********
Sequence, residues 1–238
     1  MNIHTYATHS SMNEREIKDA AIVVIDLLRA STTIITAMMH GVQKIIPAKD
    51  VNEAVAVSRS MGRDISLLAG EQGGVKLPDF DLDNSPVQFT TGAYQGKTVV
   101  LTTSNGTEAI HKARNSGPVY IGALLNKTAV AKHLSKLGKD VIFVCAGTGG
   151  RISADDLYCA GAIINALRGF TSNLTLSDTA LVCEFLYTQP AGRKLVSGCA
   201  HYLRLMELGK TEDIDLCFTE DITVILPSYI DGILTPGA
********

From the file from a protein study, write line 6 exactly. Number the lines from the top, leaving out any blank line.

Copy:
   201  HYLRLMELGK TEDIDLCFTE DITVILPSYI DGILTPGA